The first installment of “Ozark” season four dropped on Netflix at the end of January, hooking fans back into the much-anticipated next chapter of the Byrde family drama with lead Jason Bateman at the helm.
It’s no surprise that “Ozark” — which follows Marty (Bateman) and Wendy Byrde (Laura Linney) and their two kids navigating life in Missouri after getting wrapped up in a money-laundering operation and working to get out from under the thumb of a Mexican drug cartel — is full of deception, murder, sex, drugs, and strife. It’s gritty, unsettling, and utterly captivating.
What is surprising, however, is that it mirrors another Bateman-centered masterpiece of an entirely different and comedic stripe: “Arrested Development,” one of the most cleverly written and acted sitcoms of the early 2000s and maybe all time, featuring Bateman as Michael Bluth, the one responsible son of his dysfunctional family’s grown children, tasked with managing their real estate business.
Both are spectacular, first and obviously, for their entertainment value. “Ozark’s” dark twists and turns, paired with its impeccable character development and complicated multi-family dynamics, evoke shock and awe.
It weaves a disquieting web of sometimes-noble, often-evil coverups that reveal the unsteadiness of living a lie. The moves and countermoves — of the Byrdes, the cartel, their rivals, and the unwitting pawns in their game — stack higher each episode, with an endless supply of hiccups that threaten to topple the entire structure like high-stakes Jenga.
Can the Byrdes trust Ruth Langmore? Can Ruth trust the Byrdes or just Marty? Will the body stay hidden, or will somebody spill the beans of where it’s stashed — accidentally or for revenge? Whose team are the kids on, and what happens when parents shatter confidence? What’s the consequence of murder? How about the consequence of lying to cover it up? It’s an endless barrage of complex questions.
Likewise, to say “Arrested Development” is entertaining is an understatement. Talk about weaving a complicated web; you’ll discover new jokes every time you watch the series (at least the first few seasons before its decline) because, despite its zaniness, it’s chock-full of subtlety and keeps a quick pace. Each episode features a new Bluth family crisis or screw-up that threatens to implode the family business, send the patriarch off to prison for good, or sever marital or parental ties.
In that way, “Arrested Development” is like “Ozark” in a parallel universe. One is lighthearted and fun while the other you can’t watch with your kids. Yet in both worlds, the main characters, both played by Bateman, have one primary responsibility that trumps all others: They have to keep the family together and protect it.
Neither of Bateman’s characters does this perfectly, not even close. In fact, it’s his fatherly shortcomings and weaknesses in “Ozark” that suck his family into the dangerous underworld of drug trafficking and money laundering. The lesson to be learned then isn’t simply to be like Bateman; it’s much more complicated than that.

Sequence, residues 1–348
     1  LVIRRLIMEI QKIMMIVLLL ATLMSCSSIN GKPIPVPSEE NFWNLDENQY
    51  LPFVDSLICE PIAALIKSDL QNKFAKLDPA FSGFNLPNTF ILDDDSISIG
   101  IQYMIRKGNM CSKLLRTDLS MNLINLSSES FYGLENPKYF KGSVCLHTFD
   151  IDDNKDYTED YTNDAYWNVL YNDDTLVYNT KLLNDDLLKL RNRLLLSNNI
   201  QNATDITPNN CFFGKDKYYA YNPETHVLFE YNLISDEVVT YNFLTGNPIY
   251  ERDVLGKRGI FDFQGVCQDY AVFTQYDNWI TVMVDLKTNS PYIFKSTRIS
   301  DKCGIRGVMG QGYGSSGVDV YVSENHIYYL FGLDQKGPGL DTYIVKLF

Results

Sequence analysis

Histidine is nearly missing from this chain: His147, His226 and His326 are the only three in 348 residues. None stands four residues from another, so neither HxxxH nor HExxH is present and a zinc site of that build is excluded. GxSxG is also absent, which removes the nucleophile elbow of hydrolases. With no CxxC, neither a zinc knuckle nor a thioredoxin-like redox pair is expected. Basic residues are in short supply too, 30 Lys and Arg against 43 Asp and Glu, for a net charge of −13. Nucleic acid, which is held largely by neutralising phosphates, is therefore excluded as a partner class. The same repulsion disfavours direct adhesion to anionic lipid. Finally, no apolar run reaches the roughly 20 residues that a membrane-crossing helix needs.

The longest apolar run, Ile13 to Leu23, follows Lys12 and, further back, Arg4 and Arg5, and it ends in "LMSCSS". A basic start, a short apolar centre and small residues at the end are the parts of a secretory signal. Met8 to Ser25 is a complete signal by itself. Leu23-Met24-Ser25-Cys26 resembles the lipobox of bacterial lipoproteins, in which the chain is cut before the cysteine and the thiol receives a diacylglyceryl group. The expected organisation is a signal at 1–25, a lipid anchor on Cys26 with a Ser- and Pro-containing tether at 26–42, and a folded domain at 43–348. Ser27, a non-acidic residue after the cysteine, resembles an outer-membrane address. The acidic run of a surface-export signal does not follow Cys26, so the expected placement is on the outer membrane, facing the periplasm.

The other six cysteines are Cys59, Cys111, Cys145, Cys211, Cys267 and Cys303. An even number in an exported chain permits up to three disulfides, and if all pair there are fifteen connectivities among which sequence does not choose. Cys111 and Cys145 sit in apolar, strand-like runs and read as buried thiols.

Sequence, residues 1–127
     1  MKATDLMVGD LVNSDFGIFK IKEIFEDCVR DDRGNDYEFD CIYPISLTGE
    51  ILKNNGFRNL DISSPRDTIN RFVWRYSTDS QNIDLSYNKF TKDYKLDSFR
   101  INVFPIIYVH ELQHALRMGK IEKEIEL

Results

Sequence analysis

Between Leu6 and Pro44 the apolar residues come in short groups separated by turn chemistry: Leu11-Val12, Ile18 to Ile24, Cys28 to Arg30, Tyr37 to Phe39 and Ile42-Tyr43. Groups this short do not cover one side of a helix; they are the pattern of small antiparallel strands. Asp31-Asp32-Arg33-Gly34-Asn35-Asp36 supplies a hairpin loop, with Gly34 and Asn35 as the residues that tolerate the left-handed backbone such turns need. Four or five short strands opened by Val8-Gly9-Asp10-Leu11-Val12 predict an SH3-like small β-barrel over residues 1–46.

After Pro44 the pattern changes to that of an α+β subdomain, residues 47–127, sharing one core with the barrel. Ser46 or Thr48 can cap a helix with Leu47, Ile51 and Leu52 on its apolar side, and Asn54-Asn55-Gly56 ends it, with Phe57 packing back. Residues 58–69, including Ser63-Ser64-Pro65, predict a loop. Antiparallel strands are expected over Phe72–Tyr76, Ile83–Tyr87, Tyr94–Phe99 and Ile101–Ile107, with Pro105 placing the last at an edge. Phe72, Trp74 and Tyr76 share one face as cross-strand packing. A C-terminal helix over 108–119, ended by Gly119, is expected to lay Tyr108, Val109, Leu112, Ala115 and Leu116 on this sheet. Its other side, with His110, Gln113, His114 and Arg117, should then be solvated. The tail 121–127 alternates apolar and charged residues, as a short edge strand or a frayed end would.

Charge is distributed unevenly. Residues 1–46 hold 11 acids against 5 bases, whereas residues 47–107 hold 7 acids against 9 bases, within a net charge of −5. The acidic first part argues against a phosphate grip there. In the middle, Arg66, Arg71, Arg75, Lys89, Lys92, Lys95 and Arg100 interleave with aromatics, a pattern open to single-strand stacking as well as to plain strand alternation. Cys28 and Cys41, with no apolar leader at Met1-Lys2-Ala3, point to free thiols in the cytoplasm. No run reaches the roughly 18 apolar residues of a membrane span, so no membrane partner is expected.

Most people’s family issues don’t involve parents selling their souls to a murderous drug cartel, but in “Ozark,” that choice and subsequent downfall serve as a stand-in for far less insidious parental missteps. Despite their best efforts, parents get a lot of things wrong, sometimes with massive consequences. The true lesson embodied in Bateman’s characters then is in how we respond to adversity, even self-inflicted, and how we prioritize protecting our loved ones in the fallout.
In the circus that is the Bluth family, for instance, Bateman’s character is often reaping the consequences of his family’s foolish business and personal decisions. But even as he juggles endless responsibilities as a widower, his first responsibility is to his son, a duty he embraces, albeit imperfectly.
In “Ozark,” even as Marty’s associates get murdered, his marriage is on the rocks, his children go rogue, and crumbling business opportunities threaten to upset his entire operation and therefore cost him his life before he’s able to get the Byrdes out and back to normal, he puts his family first and stays the course.
“It feels like almost every episode something catastrophic happens to the Byrde family,” mused a Cosmo entertainmentt column. “So why, then, does Marty Byrde seem so completely calm about it all? That’s the question fans have been pondering on Twitter following the released of Ozark s4: part one.”
Ponder no longer. Marty Byrde is just a man, and a deeply flawed one at that. But he’s also a father, and in that role, he’s the glue that holds the entire family unit together. Even when all else is scary and fragile and the kids are ready to jump ship, he remains unflappable for himself and for them.
Marty Byrde — and even Michael Bluth — get a lot of things wrong. But staying calm amid catastrophe and guarding family through the wreckage is something we could use more of from men, especially fathers.